When you think of Bordeaux, you may think of a city that is overflowing with wine. A place where you can walk down any street corner, find a vineyard's storefront, and have a chance to try as many different varieties as you would like.
It is a common thought for such a famous wine city to boast its creations everywhere you see. In many cases this is true. But if you're visiting Bordeaux, do not expect that. To truly understand the region's love of wine you need to get out of the city.
If you don't, you won't be seeing much of anything.
Get Out of Bordeaux for the Wine Experience
For being a top wine producing region in the world, the second largest to be precise, Bordeaux does not seem to celebrate the grapes as much as you would expect. Yes, they are very proud of their wines. And yes, you'll hear about wine just about everywhere you go.
But when we visited we found that the city has no major museums dedicated to the vineyards, very few storefronts to easily sample the wines in the city, and only a few scheduled day trips to actually get out to the countryside to try the wines at some of the hundreds of nearby chateaus.
For anyone visiting that wants to get out and try some great wines, you must book via the tourism board, rent a car, or try out a 3rd party company to get to your desired chateau.
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There are other options, of course, but short of taking the train to a nearby village and walking a substantial distance to the closest chateau your choices are limited those we listed above.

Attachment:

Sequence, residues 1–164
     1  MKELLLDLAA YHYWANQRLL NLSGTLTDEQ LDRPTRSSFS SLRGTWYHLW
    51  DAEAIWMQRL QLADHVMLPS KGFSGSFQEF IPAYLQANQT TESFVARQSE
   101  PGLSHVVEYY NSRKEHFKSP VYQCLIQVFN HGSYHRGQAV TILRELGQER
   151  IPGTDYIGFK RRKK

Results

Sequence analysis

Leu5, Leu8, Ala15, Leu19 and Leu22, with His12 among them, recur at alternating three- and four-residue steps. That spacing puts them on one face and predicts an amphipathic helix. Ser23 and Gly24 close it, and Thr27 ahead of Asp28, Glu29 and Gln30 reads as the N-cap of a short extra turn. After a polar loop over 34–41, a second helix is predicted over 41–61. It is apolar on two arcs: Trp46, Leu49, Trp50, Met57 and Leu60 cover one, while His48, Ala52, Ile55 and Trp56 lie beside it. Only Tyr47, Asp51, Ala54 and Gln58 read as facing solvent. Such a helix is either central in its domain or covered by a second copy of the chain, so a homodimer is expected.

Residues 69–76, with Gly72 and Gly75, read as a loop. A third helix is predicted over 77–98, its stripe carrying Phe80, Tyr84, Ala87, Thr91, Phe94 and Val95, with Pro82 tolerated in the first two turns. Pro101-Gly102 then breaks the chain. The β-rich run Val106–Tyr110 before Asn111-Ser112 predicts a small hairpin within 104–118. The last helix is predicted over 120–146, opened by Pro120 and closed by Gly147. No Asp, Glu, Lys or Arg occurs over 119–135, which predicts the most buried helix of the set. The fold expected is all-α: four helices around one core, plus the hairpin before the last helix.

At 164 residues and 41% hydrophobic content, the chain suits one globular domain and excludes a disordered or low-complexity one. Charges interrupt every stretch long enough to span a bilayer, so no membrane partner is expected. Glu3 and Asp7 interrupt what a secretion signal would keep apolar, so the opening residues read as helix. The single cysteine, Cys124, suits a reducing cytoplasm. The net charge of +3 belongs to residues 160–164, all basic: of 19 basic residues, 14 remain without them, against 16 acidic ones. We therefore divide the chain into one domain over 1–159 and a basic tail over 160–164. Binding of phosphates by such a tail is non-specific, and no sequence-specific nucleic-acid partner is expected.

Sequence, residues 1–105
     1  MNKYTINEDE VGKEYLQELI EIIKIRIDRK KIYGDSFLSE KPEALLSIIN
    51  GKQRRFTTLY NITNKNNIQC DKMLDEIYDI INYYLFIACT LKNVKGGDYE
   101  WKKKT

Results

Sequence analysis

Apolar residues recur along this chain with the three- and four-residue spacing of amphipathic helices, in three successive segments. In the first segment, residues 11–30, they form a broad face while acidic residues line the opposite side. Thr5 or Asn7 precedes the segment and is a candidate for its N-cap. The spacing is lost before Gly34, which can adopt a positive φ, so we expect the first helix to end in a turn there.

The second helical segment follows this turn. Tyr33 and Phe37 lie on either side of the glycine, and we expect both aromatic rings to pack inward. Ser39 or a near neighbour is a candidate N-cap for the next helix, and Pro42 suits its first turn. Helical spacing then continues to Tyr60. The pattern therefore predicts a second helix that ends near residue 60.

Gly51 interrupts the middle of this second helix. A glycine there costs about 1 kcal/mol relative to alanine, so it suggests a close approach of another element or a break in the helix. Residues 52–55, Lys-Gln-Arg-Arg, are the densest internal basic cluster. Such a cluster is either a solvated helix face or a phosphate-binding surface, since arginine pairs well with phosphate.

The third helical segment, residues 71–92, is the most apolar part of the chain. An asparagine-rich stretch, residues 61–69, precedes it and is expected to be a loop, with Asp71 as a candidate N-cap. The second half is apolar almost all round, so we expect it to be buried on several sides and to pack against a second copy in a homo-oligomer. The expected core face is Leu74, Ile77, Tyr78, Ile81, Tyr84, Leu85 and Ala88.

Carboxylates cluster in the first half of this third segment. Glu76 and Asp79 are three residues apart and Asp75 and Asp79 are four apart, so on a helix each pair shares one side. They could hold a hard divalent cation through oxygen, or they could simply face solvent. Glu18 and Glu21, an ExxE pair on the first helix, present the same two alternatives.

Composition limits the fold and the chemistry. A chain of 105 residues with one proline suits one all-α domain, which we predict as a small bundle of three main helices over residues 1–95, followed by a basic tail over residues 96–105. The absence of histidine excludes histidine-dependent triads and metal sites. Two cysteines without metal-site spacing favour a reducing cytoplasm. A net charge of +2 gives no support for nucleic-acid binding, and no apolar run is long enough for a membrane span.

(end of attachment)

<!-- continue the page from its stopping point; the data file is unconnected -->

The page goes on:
Since we didn't want to spend an entire day walking and actually wanted to try out many chateaus, we opted for the guided tour route. Armed with a fully loaded wallet ready to be emptied, we went to the tourist office to find out our options.
The Types of Wine Tours in Bordeaux
During our discussions with the workers at the tourist board's office, we found out that there are four main types of tours that we could try out in Bordeaux:
- Half-day trips that visit 2 vineyards in a particular region.
- Full-day trips that visit 2 vineyards in the morning, provide lunch, and visit a medieval city in the afternoon.
- Full-day trips that visit 4 vineyards during the course of the day (may or may not provide lunch).
- Private tours for the above itineraries with a maximum of 8 people.
While the full-day trips that visit 4 vineyards sounds exciting, they were all in similar regions. We came to find out that Bordeaux has 60 unique wine regions, each with their own unique microclimates that help different grapes grow.
For a wine producer as diverse as this one, the best way to see it is to diversify, and know early on that you'll never get to see it all.
So while we were ready to drop 95 Euro per person on a full-day trip, logic overcame us and we booked two half-day trips on succeeding days for a total of 66 Euro per person and visiting three unique wine regions. Hooray saving money!
Bourg, Blaye, and Entre-Deux-Mers Regions